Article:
Penn State case still going
Just pick up the phone.
The Penn State child molestation case continues to reverberate across the country, more proof that people in high places can fall hard if they react incorrectly when allegations of wrongdoing are brought to their attention.
Two former high-ranking university officials this week pleaded guilty to criminal charges that alleged they turned a blind eye when a claim of sexual misconduct by former university assistant coach Jerry Sandusky was made.
Two things are clear about the plea agreement under which former athletic director Tim Curley and former university vice president Gary Schultz pleaded guilty to misdemeanor child endangerment.
The first is that prosecutors weren't confident they could win felony convictions against the two men, deciding to limit their risks by offering a plea agreement on a far less serious charge.
The second is that Curley and Schultz were concerned enough about their culpability to take the deal rather than risk going to trial.
A third defendant, former PSU President Graham Spanier, now faces trial alone. Jury selection is scheduled to begin next week, and it will be interesting to see if his two former subordinates testify against their boss.
What's striking about the legal controversy involving these three men is that much of the Sandusky disaster could have been avoided if, instead of trying to deal with the Sandusky allegations alone, they had simply called in the proper authorities to conduct a real police investigation. Instead, they conducted a halting probe, but mostly wrote off the complaint without really looking into it.
There was much more — and would be much more — to it than they ever believed possible.
The Sandusky case broke wide open in late 2012, when the retired Penn State football coach was charged in connection with a series of child molestations.
The Sandusky scandal, however, morphed into a Penn State scandal when it was revealed that a former football assistant observed Sandusky sexually abusing a young boy in the Penn State football team's locker room in 2001 and told head coach Joe Paterno about it.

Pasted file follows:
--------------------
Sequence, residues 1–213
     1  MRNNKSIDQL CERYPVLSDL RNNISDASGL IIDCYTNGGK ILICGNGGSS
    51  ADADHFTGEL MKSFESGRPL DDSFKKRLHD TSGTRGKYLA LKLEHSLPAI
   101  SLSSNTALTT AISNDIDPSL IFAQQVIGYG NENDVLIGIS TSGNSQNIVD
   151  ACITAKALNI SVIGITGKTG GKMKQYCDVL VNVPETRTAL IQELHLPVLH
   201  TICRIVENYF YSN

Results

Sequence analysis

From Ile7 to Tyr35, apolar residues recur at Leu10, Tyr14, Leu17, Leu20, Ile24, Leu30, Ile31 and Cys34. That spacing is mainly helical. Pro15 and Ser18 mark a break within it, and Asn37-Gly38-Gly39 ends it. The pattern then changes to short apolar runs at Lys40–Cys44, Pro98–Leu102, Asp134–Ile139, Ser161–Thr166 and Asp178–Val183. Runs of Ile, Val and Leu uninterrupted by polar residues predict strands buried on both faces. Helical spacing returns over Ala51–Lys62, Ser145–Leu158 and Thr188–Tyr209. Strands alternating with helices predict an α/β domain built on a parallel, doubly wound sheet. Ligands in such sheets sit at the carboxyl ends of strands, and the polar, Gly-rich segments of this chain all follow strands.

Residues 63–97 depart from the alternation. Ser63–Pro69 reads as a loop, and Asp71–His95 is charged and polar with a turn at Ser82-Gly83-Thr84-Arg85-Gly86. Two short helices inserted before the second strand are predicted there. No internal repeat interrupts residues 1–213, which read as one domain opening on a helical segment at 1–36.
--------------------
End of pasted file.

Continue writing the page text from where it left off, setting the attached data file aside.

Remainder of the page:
Paterno said he informed Curley and Schultz, and they, in turned, told Spanier. The matter died there, allowing Sandusky many more years to prey on young boys.
Why did three intelligent, accomplished university officials basically ignore the serious accusation brought to their attention?
Obviously, they didn't grasp its serious nature, essentially writing off the accusation as some kind of bizarre exaggeration. They didn't believe it because they simply couldn't believe the tawdry nature of the accusation. Further, they were so skeptical that it didn't occur to them to bring in professional investigators to conduct a proper inquiry.
Used to making decisions, none of the three realized that this wasn't their call to make. Police conduct criminal investigations, not university administrators. Prosecutors decide whether criminal charges are appropriate, not university administrators.
Their lapse of judgment ultimately proved catastrophic. The most obvious victims are the children who might have been spared Sandusky's predations.
Coach Paterno was unceremoniously fired. The university was put on probation by the NCAA and paid out millions in civil damages. Spanier, Curley and Schultz were dismissed.
It all could have been avoided if these men had been more familiar with what their obligations were instead of foolishly dismissing the matter without a police investigation.
Of course, it remains to be seen whether the final piece of the puzzle fits. Spanier contends that he was too insufficiently informed about the nature of the problem to be held criminally responsible, that he left the matter to Curley and Schultz to handle.
Once considered the leading university president in the prestigious Big 10 conference, Spanier is vigorously contesting the charges against him. He's entitled to do so, and he may win an acquittal if this case goes to trial.
Whatever the result, this controversy serves as another useful reminder to higher-ups to call the proper authorities when allegations of criminal behavior are brought to their attention.